Thames puts faith in C5 

14 May 2018 tbs.pm/66314

From Broadcast magazine for 10 July 1992

 

NEVER has the prospect of a new television channel met with such disinterest. A coveted terrestrial franchise should have bidders chomping at the bit, but the only time this limp lettuce came to life was through the involvement of star names — Bruce Gyngell, David Frost and Silvio Berlusconi.

But, one by one, [Mike] Bolland’s Channel X, Justin Dukes’ Channel 5, and The Entertainment Channel fell by the wayside.

As if to confirm this trend, the only remaining bidder, Five TV, has been forced to submit a partially financed bid after key backers Sony-owned Columbia studios and the Canadian broadcaster CanWest withdrew.

The two members of the consortium, now renamed Channel Five Holdings [CFH], were given until July 3 to commit, but in the end they couldn’t decide one way or another.

Thames TV passed the crisis off as a last-minute hitch.

Izzy Asper’s CanWest wanted management control. But Thames, which has taken over the driving seat from Five TV founder Chris Rowley, decided that a foreigner at the helm would damage its chances of success.

The withdrawal of Sony was attributed to the difficulty of getting lawyers from the US and Japan to agree the application in time.

Undeterred, Thames submitted a C5 application that effectively guaranteed the whole project.

Moses Znaimer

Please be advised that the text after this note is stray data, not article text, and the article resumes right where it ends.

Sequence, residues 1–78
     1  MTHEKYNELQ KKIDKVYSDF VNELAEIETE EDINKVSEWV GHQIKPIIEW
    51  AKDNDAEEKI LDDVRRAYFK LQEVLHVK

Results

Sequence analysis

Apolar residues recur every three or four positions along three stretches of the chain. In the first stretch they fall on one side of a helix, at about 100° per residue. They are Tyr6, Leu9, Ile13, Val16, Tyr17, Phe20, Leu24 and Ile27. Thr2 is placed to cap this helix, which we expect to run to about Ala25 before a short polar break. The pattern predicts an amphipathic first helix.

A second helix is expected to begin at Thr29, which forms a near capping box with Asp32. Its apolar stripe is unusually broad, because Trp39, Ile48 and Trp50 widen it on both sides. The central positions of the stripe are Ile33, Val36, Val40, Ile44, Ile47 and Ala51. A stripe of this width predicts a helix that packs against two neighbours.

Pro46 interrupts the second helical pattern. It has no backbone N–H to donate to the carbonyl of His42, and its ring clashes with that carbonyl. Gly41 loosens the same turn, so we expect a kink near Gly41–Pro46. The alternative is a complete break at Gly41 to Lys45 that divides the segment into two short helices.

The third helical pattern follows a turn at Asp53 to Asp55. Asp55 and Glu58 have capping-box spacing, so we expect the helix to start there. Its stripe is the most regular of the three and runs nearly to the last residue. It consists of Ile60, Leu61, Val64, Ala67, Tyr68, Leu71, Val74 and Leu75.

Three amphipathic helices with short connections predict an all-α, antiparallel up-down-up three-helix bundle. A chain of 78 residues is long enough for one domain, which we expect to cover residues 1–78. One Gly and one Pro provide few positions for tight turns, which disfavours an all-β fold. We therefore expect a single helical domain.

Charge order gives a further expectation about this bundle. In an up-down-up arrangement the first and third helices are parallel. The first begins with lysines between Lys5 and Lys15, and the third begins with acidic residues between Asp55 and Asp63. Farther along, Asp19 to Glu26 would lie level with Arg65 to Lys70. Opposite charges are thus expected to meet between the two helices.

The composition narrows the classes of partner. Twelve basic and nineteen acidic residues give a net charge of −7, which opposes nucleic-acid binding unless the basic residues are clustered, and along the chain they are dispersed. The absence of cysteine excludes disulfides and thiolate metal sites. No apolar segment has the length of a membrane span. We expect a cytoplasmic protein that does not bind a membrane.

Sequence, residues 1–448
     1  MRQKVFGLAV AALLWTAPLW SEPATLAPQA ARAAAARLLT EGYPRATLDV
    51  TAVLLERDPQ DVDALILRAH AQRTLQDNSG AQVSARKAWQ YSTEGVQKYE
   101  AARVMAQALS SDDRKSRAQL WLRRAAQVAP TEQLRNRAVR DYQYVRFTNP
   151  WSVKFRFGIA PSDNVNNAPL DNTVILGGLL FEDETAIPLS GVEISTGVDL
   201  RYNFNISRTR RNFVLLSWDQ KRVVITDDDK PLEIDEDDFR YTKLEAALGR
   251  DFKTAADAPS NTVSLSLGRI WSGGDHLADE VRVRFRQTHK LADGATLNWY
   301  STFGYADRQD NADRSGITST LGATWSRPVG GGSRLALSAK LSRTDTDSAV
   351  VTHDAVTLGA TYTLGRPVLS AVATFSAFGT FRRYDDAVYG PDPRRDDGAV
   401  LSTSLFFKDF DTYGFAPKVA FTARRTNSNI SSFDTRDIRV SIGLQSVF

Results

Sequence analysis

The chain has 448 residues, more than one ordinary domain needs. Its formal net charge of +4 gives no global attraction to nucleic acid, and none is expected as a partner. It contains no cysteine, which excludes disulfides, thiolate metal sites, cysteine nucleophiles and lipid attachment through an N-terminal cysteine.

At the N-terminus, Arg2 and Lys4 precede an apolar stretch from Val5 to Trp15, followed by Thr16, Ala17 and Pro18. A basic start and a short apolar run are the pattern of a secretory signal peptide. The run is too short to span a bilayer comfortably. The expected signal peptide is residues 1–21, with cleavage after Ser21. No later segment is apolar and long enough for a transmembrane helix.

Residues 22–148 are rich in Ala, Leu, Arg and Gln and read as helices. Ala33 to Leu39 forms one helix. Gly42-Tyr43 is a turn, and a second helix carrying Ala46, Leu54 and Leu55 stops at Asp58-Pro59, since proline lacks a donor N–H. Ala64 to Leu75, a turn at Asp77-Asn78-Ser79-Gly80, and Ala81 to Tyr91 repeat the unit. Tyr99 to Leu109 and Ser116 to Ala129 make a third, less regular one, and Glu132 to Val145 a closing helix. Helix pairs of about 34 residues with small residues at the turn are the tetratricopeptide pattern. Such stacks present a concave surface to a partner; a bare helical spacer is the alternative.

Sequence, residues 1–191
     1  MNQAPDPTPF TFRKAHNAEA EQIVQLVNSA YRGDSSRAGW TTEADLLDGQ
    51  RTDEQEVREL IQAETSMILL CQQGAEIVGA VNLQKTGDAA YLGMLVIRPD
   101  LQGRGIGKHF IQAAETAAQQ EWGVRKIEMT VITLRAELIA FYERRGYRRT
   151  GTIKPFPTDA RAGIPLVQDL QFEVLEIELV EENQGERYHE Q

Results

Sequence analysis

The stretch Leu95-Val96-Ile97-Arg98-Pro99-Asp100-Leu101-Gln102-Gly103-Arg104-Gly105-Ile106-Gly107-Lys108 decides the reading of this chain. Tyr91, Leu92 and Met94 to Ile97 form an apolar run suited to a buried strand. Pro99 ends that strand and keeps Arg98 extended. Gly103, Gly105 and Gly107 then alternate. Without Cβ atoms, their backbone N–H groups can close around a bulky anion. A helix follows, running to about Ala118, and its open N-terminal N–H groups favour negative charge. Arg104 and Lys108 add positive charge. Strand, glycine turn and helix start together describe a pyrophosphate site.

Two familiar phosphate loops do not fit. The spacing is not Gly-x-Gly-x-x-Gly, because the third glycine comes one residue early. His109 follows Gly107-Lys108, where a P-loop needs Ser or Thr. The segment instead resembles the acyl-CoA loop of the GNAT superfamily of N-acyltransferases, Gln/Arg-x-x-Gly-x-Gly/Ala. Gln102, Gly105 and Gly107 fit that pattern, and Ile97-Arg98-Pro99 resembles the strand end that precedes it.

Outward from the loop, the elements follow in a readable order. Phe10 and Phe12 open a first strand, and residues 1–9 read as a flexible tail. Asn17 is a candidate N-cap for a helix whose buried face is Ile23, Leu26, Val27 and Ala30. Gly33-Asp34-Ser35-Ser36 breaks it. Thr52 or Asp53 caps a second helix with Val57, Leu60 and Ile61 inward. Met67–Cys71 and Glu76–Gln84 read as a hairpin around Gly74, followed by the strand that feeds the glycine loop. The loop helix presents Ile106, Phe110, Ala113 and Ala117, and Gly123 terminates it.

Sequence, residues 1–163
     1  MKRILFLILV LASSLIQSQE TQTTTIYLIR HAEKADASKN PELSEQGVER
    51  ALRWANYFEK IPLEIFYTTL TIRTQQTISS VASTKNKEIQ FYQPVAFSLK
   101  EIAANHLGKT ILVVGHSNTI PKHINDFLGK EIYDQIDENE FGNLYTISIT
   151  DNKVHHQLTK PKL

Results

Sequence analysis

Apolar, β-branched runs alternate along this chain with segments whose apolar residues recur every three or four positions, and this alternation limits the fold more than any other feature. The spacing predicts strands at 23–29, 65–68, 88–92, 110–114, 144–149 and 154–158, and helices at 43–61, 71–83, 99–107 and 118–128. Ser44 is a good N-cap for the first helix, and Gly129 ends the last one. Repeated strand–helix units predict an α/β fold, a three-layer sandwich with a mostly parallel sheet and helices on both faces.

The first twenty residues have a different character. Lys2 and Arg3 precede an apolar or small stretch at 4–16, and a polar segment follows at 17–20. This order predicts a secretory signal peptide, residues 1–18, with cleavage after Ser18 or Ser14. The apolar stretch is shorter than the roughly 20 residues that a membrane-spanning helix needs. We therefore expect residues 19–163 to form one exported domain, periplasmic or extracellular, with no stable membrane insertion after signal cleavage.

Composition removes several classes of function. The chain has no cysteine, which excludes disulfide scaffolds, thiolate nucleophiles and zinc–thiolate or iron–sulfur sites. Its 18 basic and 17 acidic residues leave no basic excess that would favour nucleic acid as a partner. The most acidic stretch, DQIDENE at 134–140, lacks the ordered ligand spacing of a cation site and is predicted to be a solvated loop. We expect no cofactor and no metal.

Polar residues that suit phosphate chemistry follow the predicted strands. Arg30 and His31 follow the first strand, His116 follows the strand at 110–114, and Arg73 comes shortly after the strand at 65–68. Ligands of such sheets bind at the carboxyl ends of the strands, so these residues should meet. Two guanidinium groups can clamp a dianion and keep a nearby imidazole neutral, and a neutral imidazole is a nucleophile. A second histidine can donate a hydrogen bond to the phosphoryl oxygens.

Moses Znaimer, president of City TV, also remains committed. But as he is investing in a personal capacity, he is not expected to take more than three per cent of equity.

A letter from Thames’ bankers, which accompanied the application, says the project is bankable.

And Channel Five Holdings says that it hopes to reconcile its differences with CanWest and Sony and woo Conrad Black, Associated Newspapers, Silvio Berlusconi and Time Warner.

In the midst of the maelstrom last week Five TV founder Rowley remained calm, claiming that the bad press C5 had received was in the consortium’s interest: it had scared rivals off, leaving Five TV to submit an uncontested bid.

“Jeremy Fox [chief executive of the abandoned The Entertainment Channel]… Bless him. He has worked terribly hard for the last five or six weeks. But we have been working on it for almost two years. Had it been easy, we’d have had lots of rivals,” said Rowley.

Richard Dunn: convinced of Channel 5’s viability. [Picture: Matt Prince]

He, along with Thames chief executive Richard Dunn and deputy chief executive David Elstein, is convinced that their application is robust and workable.

Moreover, they believe C5 has a more promising future than ITV.

“What is the start-up cost of Channel 5? Excluding re-tuning, £100 million over 10 years, for 74 per cent of the population. The entry cost for a London franchise is £700 million and that’s broadcasting four and a half days a week to only 20 per cent of the population” — that is the compelling logic of Thames executives.